Harry needs blood. And when he doesn't get it, a fiery rage descends on him that he takes out on Alma, who finds out about the black pills and is frustrated that Harry won't allow her to take them to improve her violin skills. "Don't be jealous because I found inspiration and you can't play fucking Paganini!" Harry bellows at his young daughter. So when Alma retaliates by taking the pills without Harry's knowledge or permission, it's completely his fault. Not only do his insults lead her to this moment, but he's also responsible for bringing drugs into the house. If he had been focused on his wife and daughter, he would've seen Alma steal the pills but he was too concerned with nurturing his own talent with the assistance of drugs to be hassled with the idea of his only daughter turning into a drug addict with a taste for human blood.

It's a good thing that Harry has an excuse. "I refuse to be a helicopter parent!" he responds to Doris's blaming him for Alma finding his pills. His defense is hollow, as if watching your child too closely on the playground and allowing her to rummage through your belongings for drugs are exactly the same thing. But while a decent and well-respecting father would forbid her from taking more pills to keep her safe, Harry indoctrinates Alma into the world of vampirism. Some fathers buy their daughters hot chocolate, but Harry goes "hunting" for Alma and brings her thermoses full of human blood to drink. It's an incredibly bizarre partnership, and Harry allows it to continue. After all, he reasons, if he's taking the pills to nurture his talent, how can he deny Alma the same? But this isn't candy and soda he's offering her. It's drugs. And the speed at which Harry moves from the mentality of This is wrong to one of Oh, you'd like some drugs, too? Sure thing! is frightening.

As if murdering others to sustain his insatiable hunger isn't big enough of a skeleton in his closet, Harry coaches Alma to keep Doris in the dark regarding their...affliction. He effectively builds a barrier between mother and daughter, influencing Alma's budding hatred for Doris. Tell her your problems! we want to shout. Confide in her! Throw away the pills instead of throwing away your family! Harry does confide in her, but only after keeping her in a drug-induced stupor as he and Alma feed and ready for Harry's Hollywood future.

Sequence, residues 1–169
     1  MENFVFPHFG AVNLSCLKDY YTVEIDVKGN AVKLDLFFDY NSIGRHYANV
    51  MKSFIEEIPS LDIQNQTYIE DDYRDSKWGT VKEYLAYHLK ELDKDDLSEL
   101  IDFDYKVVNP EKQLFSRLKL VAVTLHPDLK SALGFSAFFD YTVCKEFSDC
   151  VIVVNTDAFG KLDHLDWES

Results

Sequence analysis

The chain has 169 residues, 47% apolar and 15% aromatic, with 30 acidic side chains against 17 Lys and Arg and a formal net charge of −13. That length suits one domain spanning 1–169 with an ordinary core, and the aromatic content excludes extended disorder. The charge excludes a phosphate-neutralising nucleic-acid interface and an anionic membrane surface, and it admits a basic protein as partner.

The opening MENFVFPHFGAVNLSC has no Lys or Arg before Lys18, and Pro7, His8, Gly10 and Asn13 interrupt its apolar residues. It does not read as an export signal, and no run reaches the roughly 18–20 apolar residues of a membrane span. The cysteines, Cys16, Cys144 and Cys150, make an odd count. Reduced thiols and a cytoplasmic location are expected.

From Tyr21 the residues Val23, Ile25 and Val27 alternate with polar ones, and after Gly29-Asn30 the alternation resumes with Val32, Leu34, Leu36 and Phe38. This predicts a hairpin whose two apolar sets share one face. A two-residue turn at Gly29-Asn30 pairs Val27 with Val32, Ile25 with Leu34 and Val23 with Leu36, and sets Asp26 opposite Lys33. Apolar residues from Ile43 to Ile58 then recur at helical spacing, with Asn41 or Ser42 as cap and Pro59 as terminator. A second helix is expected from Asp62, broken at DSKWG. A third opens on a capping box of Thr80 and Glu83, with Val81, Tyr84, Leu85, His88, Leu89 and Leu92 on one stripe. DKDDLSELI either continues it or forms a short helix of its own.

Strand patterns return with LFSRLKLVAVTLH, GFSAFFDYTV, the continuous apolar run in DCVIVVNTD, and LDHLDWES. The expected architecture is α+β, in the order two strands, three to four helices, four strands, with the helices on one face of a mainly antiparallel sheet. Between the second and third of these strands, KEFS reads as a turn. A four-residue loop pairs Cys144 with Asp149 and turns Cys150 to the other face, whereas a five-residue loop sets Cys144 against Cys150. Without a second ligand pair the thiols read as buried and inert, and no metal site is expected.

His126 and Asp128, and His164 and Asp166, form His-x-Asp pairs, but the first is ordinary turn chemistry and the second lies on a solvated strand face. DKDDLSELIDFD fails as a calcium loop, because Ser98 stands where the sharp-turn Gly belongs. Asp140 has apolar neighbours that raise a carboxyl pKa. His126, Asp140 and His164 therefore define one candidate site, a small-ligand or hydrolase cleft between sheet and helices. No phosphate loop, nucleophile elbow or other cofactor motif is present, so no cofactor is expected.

Once Doris learns the truth, it's not long before she is coerced into taking the pills herself. However, unlike Harry and Alma, she becomes one of the "talentless." There's a momentary look of horror on Harry's face as he beholds his wife's balding head and paling skin as she loses all ability to speak and communicate. Does he use the opportunity to model proper love and care by comforting Doris? By staying with her during the course of this terrifying and traumatic transformation? No, he locks her in the bathroom and barricades the door. When he finally lets her leave, he sets her free to roam the cemeteries foraging for stray animals to suck dry, as if she, too, were a feral animal instead of a human, something to be tolerated instead of loved.

Doris always stood by Harry's side, supporting him and his writing, but when it comes time for Harry to repay the favor, he doesn't. He emotionally disconnects from Doris and her condition and is fine with sentencing his wife to a life of lonely vampirism. If he does, in fact, care about her, he sure doesn't show it in how quickly he recovers from her demise. As he returns to his writing and Alma returns to her violin, Harry seems perfectly ready to move on and forget her and all the pain he has caused her. He not only models poor coping mechanisms for Alma, but through his actions he inadvertently teaches her that when circumstances are tough, undesirable, or challenging, the best way to deal with them is to ignore and sweep them under the rug. This is incredibly frustrating because Harry clearly loves his daughter, but love isn't enough. His consistently selfish choices, endangering her, and encouraging her drug usage solidifies his status as one of the worst television fathers in recent memory.

In the end, Harry's selfishness is the very thing that leads to his demise when he is killed by Alma, caught off guard by his own single-mindedly determined offspring. Like father, like daughter. While it's perhaps unfair to say that Harry deserved to die, his despicable actions as a husband and father certainly don't earn him and his violent death any sympathy. His less-than-admirable character traits do offer one positive outcome, though: showing that the characters that we may think of as monstrous at first (the pale, hunched "untalented") might actually be the most human of all.

KEEP READING: 'American Horror Story' Season 10 Cast & Character Guide: Who’s Playing Who (This Time)